Orijen Averages

Orijen Averages

Earlier this week we were contacted by numerous Orijen customers asking why Clean Label Project wasn’t returning Orijen’s calls and emails. Clean Label Project was a bit confused, as our leadership team had already had a conference call and email exchange with their director of food safety in the weeks before. It turns out, Orijen issued a statement to concerned customers stating Clean Label Project was unresponsive, and further, attempted to convince customers that Orijen pet food has "more food safety designations than any other pet food maker, [their] foods are routinely and rigorously tested for nutritional requirements, heavy metals and other environmental contaminants."

As you know, Clean Label Project, in partnership with a third party accredited analytical chemistry laboratory, did some tests of our own. We asked if our concerned consumer followers wanted to see some raw data of what Orijen considers "exceptional food safety" that provides "peace of mind to pet lovers" – and it was a unanimous “YES!”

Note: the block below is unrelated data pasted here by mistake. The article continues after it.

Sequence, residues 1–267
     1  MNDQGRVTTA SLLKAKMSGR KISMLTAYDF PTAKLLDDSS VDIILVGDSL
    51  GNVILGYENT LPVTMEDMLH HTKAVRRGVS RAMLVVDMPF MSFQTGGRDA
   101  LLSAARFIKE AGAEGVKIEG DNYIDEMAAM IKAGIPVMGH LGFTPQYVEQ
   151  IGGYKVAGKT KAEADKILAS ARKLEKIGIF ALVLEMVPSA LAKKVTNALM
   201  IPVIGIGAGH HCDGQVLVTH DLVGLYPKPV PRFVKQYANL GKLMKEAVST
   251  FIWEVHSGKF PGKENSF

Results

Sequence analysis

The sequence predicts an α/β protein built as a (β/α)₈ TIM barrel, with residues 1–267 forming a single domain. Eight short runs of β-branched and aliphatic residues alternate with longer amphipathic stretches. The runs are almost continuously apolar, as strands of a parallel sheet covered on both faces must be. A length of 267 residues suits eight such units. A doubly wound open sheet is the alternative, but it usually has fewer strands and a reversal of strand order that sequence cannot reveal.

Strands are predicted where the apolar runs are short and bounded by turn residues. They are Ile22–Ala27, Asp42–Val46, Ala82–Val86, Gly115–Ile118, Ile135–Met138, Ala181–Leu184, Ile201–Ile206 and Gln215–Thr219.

As you can see, the Orijen dry cat foods we tested average over 1,000 ppb of arsenic, approximately ten times the industry average for cat food. And dog food is close behind with around 850 ppb of arsenic, approximately eight times the industry average. You be the judge—but that doesn’t sound like “exceptional food safety” to us.

 

 

The vast majority of the pet food products we tested drastically exceeded the regulations and guidelines for human consumption for toxin threshold for arsenic and lead. Human consumption thresholds set by third parties, including the Environmental Protection Agency, World Health Organization and state laws like California Proposition 65, were established after diseases and birth defects were directly related to those levels of toxin consumption. Though more research is needed on the impact of most toxins on animals, the research that does exist has eerily similar impacts on companion animals, and animals regularly used in a laboratory settings, like mice and rats.

The fact that there isn’t a mandatory threshold for these environmental toxins and contaminants for animals does NOT mean these contaminants aren’t dangerous for cats and dogs to consume.

Clean Label Project is a non-profit that is bringing more transparency to the food industry for both humans and pets.

Learn more about our pet food study at www.cleanlabelproject.org/petfood.

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